The deck is stacked against those who have the least, and ongoing racism makes it even more difficult for people of color to avoid punitive systems that are intentionally structured to extract what, for poor people, can be usurious penalties. The nation collectively shrugs about such injustices because they are either invisible or we chalk up entanglements in any legal morass to personal behavior. But the truth is that, indirectly, we are all part of the fines-and-fees matrix that entraps poor people in debt or keeps them tethered to the criminal justice system. None of us should look away.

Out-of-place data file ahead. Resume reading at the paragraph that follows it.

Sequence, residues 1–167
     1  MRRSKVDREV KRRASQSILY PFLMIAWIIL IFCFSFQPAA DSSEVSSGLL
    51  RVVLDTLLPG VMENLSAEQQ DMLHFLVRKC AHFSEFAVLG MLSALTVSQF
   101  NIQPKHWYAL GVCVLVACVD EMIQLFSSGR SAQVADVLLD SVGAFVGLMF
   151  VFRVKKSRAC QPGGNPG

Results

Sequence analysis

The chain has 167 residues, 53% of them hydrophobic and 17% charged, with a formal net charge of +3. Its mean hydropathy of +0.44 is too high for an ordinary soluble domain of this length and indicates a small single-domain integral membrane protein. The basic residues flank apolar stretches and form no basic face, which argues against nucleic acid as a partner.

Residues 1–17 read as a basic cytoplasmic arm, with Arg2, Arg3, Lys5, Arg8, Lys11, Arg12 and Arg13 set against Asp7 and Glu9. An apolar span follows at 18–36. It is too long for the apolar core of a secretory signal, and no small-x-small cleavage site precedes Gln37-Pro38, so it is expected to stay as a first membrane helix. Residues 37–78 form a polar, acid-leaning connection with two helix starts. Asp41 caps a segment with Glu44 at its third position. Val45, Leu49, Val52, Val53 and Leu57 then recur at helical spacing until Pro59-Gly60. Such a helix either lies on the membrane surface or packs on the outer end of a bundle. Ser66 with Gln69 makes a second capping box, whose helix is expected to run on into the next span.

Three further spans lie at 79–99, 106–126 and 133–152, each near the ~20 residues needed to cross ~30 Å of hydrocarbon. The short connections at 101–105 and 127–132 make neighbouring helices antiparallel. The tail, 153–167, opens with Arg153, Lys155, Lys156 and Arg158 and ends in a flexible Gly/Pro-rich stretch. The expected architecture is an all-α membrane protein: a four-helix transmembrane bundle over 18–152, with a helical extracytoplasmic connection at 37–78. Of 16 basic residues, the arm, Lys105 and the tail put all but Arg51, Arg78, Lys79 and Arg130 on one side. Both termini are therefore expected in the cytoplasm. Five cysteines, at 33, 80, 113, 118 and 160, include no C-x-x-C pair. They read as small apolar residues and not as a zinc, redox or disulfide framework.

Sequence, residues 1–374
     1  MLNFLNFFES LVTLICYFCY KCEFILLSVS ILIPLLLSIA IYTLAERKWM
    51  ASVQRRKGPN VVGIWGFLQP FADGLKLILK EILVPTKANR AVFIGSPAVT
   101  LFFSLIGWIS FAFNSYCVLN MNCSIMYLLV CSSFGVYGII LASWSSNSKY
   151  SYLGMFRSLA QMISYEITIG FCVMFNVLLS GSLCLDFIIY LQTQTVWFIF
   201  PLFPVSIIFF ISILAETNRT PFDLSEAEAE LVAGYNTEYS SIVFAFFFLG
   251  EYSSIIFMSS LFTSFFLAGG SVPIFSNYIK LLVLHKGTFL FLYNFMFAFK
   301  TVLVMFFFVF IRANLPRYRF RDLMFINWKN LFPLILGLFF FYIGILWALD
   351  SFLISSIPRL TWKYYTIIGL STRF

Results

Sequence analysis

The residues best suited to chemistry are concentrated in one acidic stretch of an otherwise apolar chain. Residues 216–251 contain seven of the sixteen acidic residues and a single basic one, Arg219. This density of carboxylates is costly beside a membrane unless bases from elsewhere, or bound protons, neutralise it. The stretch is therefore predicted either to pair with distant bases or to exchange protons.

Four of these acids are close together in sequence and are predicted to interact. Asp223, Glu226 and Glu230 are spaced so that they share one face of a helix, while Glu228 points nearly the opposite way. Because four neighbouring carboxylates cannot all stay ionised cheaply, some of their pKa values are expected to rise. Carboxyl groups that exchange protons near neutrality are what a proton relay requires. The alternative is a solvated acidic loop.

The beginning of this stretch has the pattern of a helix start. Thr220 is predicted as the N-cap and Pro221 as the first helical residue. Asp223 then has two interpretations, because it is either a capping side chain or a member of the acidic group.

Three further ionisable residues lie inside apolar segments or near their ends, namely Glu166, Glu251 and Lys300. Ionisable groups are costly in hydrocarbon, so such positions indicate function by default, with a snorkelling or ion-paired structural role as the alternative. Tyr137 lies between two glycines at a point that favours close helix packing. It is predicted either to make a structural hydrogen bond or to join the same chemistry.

The exposé (Addicted to Fines: Small Towns Are Dangerously Dependent) raises two important issues that policymakers have the power to address. One, lack of revenue at the local level is linked to a broader challenge with state tax systems. Two, fines and fees often entrap lower-income people in a cycle of debt and, in some jurisdictions, ultimately criminalize poverty by casting unpaid fines as misdemeanor crimes.